For Sentimental Reasons.............

On 29 September 1939, six human bodies belonging to three women and three children were found in a bungalow close to the Gate Hangs Well Inn in Syston, Leicestershire.

Stanley Howard Simpson an engineer of 25, Brookfield Street, Syston, first found a human leg in a zinc bath by the River Wreake.

When the Police arrived at the scene, Police-Sergeant Heath entered the bungalow; discovered further remains in the bathtub and noticed a hole had been freshly dug in the garden. Later, with Scotland Yard detectives, the garden was dug over, but no more remains were found.

Sir Bernard Spilsbury,  Home Office pathologist examined the human remains. All the bodily parts had been preserved in formalin but one body , that of a two-week-old baby had not been dissected. The body was that of Trevor Albert Deverick born on March 10, 1938, son of Albert Sidney a milkman and Kathleen Mary Deverick of 81, Melrose Street, Leicester.

On 24 March 1938, baby Trevor became seriously ill and Dr Albert Lovell was called for. He was unfortunately out of town so his brother Dr. Theo Zebulun Lovell of 289, Catherine Street Extension, Leicester, visited the child. Dr Theo Lovell visited the family twice that afternoon and on the last visit he was informed the child had died. Dr Theo Lovell called at the house and took the baby away and obtained the permission of the parents to make a post-mortem examination, although he told the parents he was not certain when he could conduct the post-mortem so he informed the father he would make arrangements for the burial instead. But no post-mortem was ever done. A death certificate was issued saying that the cause of death was a heart lesion, and that a post-mortem had been made and according to Mr Deverick it was Dr Albert Lovell who passed the death certificate to him.


Dr Theo Lovell approached Arthur Leslie Earp, Undertaker of 55 Highcross Street, Leicester, in April 1938, asking to be supplied with a child’s coffin. He said it was a “freak child,’’ and he wanted to keep certain organs. Earps assistant, Colin Boydon, took the coffin to Dr. Theo Lovell’s house, and the Doctor returned it “screwed down.’’ The coffin was later buried in a still-birth grave at Gilroes Cemetery on 11 April 1938.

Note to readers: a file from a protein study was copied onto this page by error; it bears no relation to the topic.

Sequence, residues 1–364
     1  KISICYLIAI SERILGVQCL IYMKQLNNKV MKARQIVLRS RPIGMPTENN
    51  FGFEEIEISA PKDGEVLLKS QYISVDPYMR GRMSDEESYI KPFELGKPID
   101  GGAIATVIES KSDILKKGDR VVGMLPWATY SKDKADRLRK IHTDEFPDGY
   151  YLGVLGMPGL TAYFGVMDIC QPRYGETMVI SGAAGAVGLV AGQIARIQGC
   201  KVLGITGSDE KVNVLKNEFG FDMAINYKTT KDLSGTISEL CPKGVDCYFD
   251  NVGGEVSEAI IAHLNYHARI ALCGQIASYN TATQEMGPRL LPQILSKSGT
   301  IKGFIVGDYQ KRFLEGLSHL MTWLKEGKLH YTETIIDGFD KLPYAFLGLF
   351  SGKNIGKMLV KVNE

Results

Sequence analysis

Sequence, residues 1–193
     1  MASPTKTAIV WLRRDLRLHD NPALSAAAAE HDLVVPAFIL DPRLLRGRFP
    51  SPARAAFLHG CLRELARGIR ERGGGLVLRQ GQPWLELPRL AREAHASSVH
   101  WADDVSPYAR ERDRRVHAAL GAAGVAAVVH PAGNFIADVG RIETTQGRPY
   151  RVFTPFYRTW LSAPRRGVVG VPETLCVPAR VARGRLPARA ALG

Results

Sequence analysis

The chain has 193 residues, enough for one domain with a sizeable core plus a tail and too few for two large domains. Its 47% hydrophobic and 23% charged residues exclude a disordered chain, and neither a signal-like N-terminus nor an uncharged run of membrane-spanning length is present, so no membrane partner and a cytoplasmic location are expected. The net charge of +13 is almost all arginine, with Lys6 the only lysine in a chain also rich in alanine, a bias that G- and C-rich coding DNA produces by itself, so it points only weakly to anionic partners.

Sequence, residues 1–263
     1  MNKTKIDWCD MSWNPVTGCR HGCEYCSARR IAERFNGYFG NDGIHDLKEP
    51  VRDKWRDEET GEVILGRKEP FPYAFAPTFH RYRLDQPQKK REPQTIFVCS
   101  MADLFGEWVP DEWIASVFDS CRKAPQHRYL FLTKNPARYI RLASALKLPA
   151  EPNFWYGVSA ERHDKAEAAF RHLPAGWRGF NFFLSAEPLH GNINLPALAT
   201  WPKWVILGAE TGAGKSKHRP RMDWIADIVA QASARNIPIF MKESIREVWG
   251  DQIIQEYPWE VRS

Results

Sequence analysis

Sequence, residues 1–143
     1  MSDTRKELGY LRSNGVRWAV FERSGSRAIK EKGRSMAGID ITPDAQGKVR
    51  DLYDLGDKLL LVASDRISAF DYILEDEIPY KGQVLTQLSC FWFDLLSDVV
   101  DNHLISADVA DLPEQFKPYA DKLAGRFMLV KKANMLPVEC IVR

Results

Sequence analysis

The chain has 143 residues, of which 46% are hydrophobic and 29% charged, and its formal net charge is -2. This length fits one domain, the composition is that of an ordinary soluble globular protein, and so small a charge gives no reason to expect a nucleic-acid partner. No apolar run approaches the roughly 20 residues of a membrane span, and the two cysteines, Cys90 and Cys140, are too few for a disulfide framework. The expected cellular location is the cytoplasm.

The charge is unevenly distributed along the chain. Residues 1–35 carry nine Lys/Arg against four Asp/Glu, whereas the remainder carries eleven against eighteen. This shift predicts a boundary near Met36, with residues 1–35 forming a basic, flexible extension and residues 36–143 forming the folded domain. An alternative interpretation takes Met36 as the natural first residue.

The parents never attended the funeral, but they did believe, along with the undertaker that Trevor’s body was inside the coffin, but instead of the child the doctor had placed a foetus and a doll. The doll had belonged to his own child who had died aged two weeks in similar circumstances in 1937. His own child’s body was removed by the undertakers who had arranged the burial. He had no idea where his child was buried.


In the inquest into the grim discovery in Syston ,Dr. Theo Lovell said that he couldn’t remember who signed the death certificate for the child, it was either him or his brother and because of stress of work he had not conducted the post-mortem by the time the undertakers called. That was why he never put the body in the coffin. The other body parts found in the bath were anatomical specimens that had been taken to the bungalow to be buried.

Recording his verdict, the Coroner said:

This case presents some features which are certainly extraordinary and, I am thankful to say, unusual. Owing to the action of Dr. Theo Lovell the police have been put to an infinite amount of trouble. He issued a false certificate over the death of this child. He said on that certificate that he has made post mortem examination whereas he had done nothing of the sort. He handed an undertaker a coffin purporting to contain the body of this child. That coffin contained a foetus and a doll. He said in reply to me that he put the doll in from sentimental motives. However, that is not a matter which concerns me as coroner. Some other authority will have deal with that. In addition he moved the body from the city to the county without notification. 1 cannot understand the attitude of the doctor. It’s all very well for him to say he wanted to make a post mortem examination, but that will surely not entitle him to remove the body from his house to bungalow at Syston, thereby throwing suspicion upon everybody and more especially upon himself by this amazing action. However, there is another tribunal that can deal with that.

Trevor Albert Deverick was finally laid to rest on 26 October 1939 at Gilroes Cemetery in Leicester. His father Albert Sidney Deverick died on 14 December 1967 in Leicester, at the age of 58. His mother Kathleen Mary died on 21 February 1994 in Leicester, at the age of 82.

Dr Theo Zebulun Lovell carried on practicing medicine and died in 1969 in Knighton, Leicester. His brother Dr Albert Lovell became Major A. A. Lovell, physician, and surgeon, attached to a New Zealand General Hospital. Major (Dr) Lovell went to New Zealand just after the outbreak WW2 and joined the New Zealand Forces.

The Gate Hangs Well Inn, Syston, Leicestershire  c1950

Image: Leicester Past & Present

View of the River Wreake by the Gate Hangs Well Inn, Syston, Leicestershire